THEOREMS ON DIFFERENTIATION

CBSE Class 11 - Mathematics - Limits and Derivatives Part-9

You have learnt about finding derivatives using the first principle in part-7 and part-8. Let us proceed further. Here is a summary of theorems on differentiation.

Theorem I :

$\frac{\mathrm{d} }{\mathrm{d} x}[kf (x)] = k d/dx [f (x)]$, where k is a constant

Theorem II :

$\frac{\mathrm{d} }{\mathrm{d} x}\left [ f_{1}(x)\pm f_{2}(x)\pm f_{3}(x)\pm ....... \right ] = \frac{\mathrm{d} }{\mathrm{d} x}[f_{1}(x)]\pm \frac{\mathrm{d} }{\mathrm{d} x}[f_{2}(x)]\pm \frac{\mathrm{d} }{\mathrm{d} x}[f_{3}(x)]\pm .......$

Theorem III :

$\frac{\mathrm{d} }{\mathrm{d} x}[f(x)\cdot g(x)] = f(x)\frac{\mathrm{d} }{\mathrm{d} x}[g(x)] + g(x)\frac{\mathrm{d} }{\mathrm{d} x}[f(x)]$

Theorem IV :

$\frac{\mathrm{d} }{\mathrm{d} x}\left [ \frac{f(x)}{g(x)} \right ]=\frac{g(x)d/dx[f(x)]-f(x)d/dx[g(x)]}{[g(x)]^{2}}$

Theorem V :

Derivative of the function of the function: If 'y' is a function of 't' and 't' is a function of 'x' then,

$\frac{\mathrm{d} y}{\mathrm{d} x}=\frac{\mathrm{d} y}{\mathrm{d} t}\cdot \frac{\mathrm{d} t}{\mathrm{d} x}$

Theorem VI :

Derivative of parametric equations: if x = f (t), y = ψ (t) then $\frac{\mathrm{d} y}{\mathrm{d} x}=\frac{dy/dt}{dx/dt}$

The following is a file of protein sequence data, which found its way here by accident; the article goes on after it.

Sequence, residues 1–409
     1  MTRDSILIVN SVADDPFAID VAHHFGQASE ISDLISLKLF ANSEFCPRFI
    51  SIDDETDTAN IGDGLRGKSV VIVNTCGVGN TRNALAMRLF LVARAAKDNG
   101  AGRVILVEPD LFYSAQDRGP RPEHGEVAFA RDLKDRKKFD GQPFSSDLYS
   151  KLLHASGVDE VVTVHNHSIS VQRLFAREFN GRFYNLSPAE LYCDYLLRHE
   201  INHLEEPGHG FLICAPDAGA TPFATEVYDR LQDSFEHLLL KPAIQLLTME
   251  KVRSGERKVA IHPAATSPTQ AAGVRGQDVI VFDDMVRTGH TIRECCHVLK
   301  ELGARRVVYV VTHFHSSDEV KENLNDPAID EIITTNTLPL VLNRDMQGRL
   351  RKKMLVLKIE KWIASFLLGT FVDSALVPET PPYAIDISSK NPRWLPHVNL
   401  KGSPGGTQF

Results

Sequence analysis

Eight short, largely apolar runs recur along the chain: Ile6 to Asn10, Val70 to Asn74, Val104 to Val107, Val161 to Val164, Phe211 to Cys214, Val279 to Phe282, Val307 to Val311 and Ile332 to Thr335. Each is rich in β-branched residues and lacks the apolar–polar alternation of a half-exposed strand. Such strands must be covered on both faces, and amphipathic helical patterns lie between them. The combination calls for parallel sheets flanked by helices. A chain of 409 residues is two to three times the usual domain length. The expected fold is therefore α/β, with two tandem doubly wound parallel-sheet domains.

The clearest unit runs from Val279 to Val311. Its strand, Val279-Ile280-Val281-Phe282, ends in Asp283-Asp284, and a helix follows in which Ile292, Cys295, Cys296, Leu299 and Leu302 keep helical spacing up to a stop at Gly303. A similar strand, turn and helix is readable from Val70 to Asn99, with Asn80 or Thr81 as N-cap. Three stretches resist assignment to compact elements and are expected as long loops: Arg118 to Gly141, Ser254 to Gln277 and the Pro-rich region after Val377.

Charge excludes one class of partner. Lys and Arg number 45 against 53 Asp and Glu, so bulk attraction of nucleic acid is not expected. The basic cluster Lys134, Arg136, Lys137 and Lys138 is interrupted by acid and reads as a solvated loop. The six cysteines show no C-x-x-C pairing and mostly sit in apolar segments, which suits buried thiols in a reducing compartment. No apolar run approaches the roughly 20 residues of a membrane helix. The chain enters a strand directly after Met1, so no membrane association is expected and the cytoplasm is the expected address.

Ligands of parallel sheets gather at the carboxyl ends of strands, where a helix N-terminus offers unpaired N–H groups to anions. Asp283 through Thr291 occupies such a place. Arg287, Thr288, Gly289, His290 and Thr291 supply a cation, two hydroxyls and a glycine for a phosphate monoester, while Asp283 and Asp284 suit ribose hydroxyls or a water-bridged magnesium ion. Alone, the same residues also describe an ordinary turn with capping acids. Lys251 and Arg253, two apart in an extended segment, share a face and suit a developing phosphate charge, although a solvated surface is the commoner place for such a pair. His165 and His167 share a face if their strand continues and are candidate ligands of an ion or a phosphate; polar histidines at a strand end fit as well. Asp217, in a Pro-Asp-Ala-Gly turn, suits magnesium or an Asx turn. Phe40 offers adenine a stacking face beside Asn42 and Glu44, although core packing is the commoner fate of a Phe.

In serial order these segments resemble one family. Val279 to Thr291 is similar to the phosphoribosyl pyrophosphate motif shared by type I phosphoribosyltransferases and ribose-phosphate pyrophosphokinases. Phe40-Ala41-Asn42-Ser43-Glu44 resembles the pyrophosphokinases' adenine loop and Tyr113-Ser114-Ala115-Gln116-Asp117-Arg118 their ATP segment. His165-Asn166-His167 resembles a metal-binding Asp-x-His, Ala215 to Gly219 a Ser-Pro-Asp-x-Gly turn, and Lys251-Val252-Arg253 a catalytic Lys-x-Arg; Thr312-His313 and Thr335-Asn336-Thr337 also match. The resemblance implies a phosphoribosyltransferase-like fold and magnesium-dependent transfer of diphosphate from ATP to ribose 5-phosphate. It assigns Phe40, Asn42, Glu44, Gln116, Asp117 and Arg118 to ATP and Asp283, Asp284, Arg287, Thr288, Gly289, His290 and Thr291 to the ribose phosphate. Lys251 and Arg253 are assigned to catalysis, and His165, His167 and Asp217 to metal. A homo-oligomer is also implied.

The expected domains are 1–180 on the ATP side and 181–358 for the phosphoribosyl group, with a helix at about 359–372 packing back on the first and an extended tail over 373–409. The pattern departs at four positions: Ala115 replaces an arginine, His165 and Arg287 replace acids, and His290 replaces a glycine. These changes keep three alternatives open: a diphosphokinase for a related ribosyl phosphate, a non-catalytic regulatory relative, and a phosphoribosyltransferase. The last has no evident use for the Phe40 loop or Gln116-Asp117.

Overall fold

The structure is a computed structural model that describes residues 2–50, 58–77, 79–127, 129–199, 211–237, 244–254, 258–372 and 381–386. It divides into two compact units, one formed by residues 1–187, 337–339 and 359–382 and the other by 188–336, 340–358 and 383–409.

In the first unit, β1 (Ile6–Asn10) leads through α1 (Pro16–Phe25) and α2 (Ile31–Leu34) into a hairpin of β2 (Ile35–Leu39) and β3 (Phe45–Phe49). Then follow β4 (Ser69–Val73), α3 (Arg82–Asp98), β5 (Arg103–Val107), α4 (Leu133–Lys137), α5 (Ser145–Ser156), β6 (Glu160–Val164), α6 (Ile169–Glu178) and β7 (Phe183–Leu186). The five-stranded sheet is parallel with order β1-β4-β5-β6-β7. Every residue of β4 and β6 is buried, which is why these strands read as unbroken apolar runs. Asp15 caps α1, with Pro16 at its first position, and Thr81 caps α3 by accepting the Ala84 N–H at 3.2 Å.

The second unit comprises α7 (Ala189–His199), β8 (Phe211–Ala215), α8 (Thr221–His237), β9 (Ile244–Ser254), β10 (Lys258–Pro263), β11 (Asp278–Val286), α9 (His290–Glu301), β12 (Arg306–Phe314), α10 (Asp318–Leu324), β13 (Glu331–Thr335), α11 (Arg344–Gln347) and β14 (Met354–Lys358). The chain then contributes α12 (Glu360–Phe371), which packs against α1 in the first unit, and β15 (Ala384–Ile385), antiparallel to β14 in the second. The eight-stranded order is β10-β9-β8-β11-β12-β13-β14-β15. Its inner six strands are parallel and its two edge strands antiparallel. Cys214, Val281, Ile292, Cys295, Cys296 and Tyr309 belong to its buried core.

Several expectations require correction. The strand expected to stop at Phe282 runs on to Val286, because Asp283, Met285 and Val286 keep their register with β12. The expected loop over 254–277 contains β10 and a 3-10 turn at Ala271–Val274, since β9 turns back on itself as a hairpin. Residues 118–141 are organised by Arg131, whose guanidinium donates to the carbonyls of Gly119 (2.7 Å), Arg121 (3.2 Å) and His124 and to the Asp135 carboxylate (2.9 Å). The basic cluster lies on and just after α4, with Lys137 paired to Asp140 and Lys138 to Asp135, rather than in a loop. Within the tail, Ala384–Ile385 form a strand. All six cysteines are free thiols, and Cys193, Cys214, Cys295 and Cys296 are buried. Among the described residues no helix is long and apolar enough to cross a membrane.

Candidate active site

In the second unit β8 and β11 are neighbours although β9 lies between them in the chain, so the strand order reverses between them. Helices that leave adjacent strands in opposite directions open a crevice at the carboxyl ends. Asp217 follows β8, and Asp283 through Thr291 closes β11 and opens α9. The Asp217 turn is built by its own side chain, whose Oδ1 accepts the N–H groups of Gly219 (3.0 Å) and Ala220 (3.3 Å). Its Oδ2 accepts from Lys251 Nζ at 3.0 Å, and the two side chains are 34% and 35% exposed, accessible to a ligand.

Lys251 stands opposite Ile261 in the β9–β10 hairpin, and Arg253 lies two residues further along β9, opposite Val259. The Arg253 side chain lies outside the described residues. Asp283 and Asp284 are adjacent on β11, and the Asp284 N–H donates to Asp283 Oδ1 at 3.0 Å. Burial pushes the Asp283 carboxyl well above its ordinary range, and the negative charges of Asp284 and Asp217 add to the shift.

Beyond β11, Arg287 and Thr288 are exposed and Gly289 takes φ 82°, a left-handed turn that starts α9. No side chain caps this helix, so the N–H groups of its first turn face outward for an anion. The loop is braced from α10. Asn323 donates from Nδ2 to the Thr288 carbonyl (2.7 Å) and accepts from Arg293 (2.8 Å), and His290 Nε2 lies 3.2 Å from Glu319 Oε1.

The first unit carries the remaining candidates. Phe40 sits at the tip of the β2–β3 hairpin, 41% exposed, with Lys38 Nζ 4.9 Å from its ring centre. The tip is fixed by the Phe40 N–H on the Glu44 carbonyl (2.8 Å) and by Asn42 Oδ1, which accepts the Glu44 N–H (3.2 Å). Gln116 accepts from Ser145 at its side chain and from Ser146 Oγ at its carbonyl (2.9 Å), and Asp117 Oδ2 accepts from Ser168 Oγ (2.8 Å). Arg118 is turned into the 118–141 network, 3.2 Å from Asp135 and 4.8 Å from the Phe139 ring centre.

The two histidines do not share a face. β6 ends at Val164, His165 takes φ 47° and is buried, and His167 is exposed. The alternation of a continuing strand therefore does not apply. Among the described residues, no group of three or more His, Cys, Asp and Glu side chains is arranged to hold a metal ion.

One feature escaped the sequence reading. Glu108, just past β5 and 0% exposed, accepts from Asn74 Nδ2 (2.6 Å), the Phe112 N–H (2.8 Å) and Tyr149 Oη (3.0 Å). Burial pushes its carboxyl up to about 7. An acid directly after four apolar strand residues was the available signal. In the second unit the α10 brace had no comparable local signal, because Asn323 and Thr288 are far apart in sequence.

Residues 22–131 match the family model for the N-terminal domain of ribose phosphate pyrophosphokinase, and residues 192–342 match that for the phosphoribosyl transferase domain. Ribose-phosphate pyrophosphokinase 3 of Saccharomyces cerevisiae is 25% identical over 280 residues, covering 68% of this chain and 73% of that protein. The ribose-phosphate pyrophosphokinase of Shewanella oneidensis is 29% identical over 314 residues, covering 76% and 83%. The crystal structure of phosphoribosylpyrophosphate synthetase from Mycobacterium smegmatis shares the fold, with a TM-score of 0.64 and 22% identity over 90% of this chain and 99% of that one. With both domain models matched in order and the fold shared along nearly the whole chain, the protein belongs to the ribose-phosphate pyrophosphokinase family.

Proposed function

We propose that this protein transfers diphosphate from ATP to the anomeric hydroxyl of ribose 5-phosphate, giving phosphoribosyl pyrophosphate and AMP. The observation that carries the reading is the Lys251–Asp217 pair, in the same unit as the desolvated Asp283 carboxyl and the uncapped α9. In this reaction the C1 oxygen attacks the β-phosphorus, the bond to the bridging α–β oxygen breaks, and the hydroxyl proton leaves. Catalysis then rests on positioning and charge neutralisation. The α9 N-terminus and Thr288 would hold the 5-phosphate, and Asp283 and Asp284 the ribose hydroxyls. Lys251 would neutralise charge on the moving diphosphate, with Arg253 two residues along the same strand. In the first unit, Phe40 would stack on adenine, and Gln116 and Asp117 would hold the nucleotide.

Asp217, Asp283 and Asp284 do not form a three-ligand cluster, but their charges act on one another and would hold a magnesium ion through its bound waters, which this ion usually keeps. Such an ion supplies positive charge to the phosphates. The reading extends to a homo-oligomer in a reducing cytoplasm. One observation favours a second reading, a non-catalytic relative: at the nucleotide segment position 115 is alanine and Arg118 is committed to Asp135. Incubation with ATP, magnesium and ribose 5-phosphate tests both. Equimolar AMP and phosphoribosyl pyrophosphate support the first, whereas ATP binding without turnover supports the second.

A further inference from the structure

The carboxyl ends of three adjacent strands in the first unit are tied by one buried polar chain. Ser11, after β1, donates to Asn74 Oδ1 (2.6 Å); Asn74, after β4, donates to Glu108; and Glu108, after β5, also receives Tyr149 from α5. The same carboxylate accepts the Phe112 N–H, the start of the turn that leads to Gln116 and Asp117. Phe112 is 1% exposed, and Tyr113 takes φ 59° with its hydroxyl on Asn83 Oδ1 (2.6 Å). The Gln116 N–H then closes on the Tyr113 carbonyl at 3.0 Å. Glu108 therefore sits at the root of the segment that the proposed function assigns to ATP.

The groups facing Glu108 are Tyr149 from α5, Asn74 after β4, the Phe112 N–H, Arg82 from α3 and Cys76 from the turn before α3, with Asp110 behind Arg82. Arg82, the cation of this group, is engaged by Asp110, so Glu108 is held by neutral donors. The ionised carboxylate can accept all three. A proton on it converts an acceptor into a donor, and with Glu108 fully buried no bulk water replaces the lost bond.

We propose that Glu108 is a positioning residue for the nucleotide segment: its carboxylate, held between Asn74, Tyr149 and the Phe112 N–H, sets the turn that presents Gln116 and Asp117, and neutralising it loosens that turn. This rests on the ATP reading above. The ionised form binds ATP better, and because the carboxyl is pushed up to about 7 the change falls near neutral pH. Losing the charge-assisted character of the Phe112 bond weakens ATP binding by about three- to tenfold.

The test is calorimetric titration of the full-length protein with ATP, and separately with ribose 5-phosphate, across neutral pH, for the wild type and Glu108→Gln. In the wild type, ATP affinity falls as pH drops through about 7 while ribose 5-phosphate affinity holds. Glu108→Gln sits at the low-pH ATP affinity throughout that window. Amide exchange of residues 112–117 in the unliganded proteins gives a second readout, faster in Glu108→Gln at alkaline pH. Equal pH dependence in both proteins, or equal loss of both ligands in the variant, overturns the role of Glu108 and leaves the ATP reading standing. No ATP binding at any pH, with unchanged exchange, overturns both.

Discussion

Theorem VII :

Derivative of a function with respect to another function: If f (x) and g (x) are two functions of a variable x, then

$\frac{\mathrm{d} [f(x)]}{\mathrm{d} [g(x)]}=\frac{\mathrm{d} }{\mathrm{d} x}f(x)/\frac{\mathrm{d} }{\mathrm{d} x}g(x)$

Theorem VIII :

$\frac{\mathrm{d} y}{\mathrm{d} x}\cdot \frac{\mathrm{d} x}{\mathrm{d} y}=1$

Theorem IX :

The general power rule: If y = f [g(x)] = [g (x)]n then the chain rule yields

$\frac{\mathrm{d} y}{\mathrm{d} x}=\frac{\mathrm{d} y}{\mathrm{d} u}\cdot \frac{\mathrm{d} u}{\mathrm{d} x}=nu^{n-1}\cdot \frac{\mathrm{d} }{\mathrm{d} x}g(x)=n[g(x)]^{n-1}\cdot \frac{\mathrm{d} }{\mathrm{d} x}g(x)$

If n is any real number and g' (x) exists, then $\frac{\mathrm{d} }{\mathrm{d} x}[g(x)]^{n}=n[g(x)]^{n-1}\cdot \frac{\mathrm{d} }{\mathrm{d} x}g(x)$

You might think of the general power rule as power in front of the function, reduce the power of function by one, times the derivative of a function. A common error is to ignore the $\frac{\mathrm{d} }{\mathrm{d} x}g(x)$ term in the general power formula.

Ch 13 Limits and Derivatives (Q & A) Part-5

Ch 13 Limits and Derivatives (Q & A) Part-6

Ch 13 Limits and Derivatives (Q & A) Part-7